There is no denying that the MINI, the original MINI that is, is one of the most influential cars ever produced. Not only did the cheap and efficient subcompact become a pop culture icon, but its space-saving transverse engine/front-drive layout paved the way for countless cars. Production of the original MINI began in 1959 and finally ceased after 41 years in the year 2000. That’s not the end of the MINI’s story though, as starting in 2001, BMW started producing what we now know as the modern MINI.
Still retaining one of the most recognizable designs in the automotive world, the new MINI quickly earned a large and dedicated fan base of driver’s who appreciate it’s quirky personality, peppy efficiency, and practicality. BMW has added a few variants over the years to broaden the MINI’s appeal, and the largest of these, this 2017 MINI Cooper S Countryman ALL4, has just received an extensive update .
The marketing folks at MINI call the Countryman a “Sport Adventure Vehicle”, and looking at the latest Countryman, it’s clear that a touch of rugged SUV-like attitude has been built into the Countryman’s new look. The Countryman doesn’t stray too far from the original MINI design, retaining all the key visual ques leaving no doubt that this is still a MINI. It has been beefed up significantly with a lot of bulky rubberized body cladding and aluminum body protection plates on the rocker panels and lower front fascia.
The Cooper S ALL4 test vehicle came with optional John Cooper Works 18” alloy wheels, which tied in really well to the Midnight Black Metallic paint to really give the car a mature, rugged, down to business look, while not dismissing the spunky MINI personality. Exterior fit and finish is top notch, as you might expect from a BMW product, and the $1400 LED Lighting Package, which includes LED headlamps and fog lamps, really does give the car a more upscale look.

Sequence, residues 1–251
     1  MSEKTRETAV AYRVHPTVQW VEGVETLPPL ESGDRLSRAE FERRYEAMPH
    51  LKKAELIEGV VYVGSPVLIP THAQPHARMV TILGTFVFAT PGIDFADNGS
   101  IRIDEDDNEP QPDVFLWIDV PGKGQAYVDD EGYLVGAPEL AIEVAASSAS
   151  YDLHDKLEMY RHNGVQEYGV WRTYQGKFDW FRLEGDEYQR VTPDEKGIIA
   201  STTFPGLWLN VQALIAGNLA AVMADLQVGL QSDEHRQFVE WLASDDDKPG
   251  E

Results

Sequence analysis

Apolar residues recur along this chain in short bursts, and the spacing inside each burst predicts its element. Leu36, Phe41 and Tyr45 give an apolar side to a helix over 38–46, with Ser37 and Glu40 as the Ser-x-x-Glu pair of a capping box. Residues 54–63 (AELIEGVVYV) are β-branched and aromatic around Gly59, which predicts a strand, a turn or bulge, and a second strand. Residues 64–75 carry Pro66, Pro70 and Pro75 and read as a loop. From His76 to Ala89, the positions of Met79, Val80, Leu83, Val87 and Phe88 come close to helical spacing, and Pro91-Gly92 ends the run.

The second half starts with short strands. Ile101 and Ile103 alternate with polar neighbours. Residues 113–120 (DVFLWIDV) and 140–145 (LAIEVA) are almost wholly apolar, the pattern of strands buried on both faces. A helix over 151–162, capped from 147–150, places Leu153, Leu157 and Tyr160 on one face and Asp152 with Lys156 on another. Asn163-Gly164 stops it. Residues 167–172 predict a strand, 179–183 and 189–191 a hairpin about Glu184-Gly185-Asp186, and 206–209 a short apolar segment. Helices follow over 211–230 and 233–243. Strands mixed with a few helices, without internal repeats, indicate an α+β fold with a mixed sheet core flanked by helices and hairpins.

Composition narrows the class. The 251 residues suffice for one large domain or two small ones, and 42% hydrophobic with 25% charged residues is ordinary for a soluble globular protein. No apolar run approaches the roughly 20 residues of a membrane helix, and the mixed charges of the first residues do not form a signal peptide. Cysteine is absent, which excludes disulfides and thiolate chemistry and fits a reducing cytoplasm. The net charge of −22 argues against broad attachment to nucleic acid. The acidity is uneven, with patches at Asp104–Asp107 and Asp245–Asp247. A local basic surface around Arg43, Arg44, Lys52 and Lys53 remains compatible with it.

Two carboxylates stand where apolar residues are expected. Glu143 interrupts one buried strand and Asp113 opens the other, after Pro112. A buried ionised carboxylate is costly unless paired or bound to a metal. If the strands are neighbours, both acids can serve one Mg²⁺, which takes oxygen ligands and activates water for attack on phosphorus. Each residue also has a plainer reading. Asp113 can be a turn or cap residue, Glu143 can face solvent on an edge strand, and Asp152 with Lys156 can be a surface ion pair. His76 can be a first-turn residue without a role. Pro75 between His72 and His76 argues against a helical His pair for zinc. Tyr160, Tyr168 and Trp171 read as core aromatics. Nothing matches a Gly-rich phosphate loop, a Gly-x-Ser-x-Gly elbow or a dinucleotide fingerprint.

The upscale finishes are carried inside the Countryman as well, which has certainly come a long way from the bare-bones approach of the original MINI. The optional ($2,250) quilted Chester Leather is gorgeous and neatly tied into the door panels and dashboard. Both the interior and exterior of the MINI can be configured with seemingly endless permutations of colors and designs, so if the illuminated piano black accents and chrome trim found in the test car are not your preference, rest assured that you will find something more to your tastes.
In addition to the fine materials, there is an available 8.8” touchscreen with navigation, Bluetooth, and wireless charging, a panoramic sunroof, Harman/Kardon sound, heads-up display and a host of other little luxuries. It all looks great inside the MINI. That is, until you start using it, and the deliberate quirkiness of the MINI’s interior means that it can take a fair bit of getting used to. The controls are not necessarily intuitive, nor are they well placed within reach. The general dashboard layout, while obviously a throwback to the original MINI also takes a bit of getting used to, similar to the driving position which is more upright than originally expected.
Unlike some competitors, or even other BMWs, the heads-up display relies on a plastic screen that rises from the dash in front of the driver, it’s not nearly as slick as the windshield projection setup so it feels more gimmicky than it should. Lastly, there are a few ergonomic oversights such as a rear centre headrest that blocks a lot of rear view mirror. The sunshades on the front and rear sunroofs can only be manually operated, which is fine up front, but it can be really tricky to operate the rear sunshade from the front seat. Awkwardness aside, there is decent storage up front, a rarity in this segment, and the split rear seats fold flat opening up a very versatile cargo area.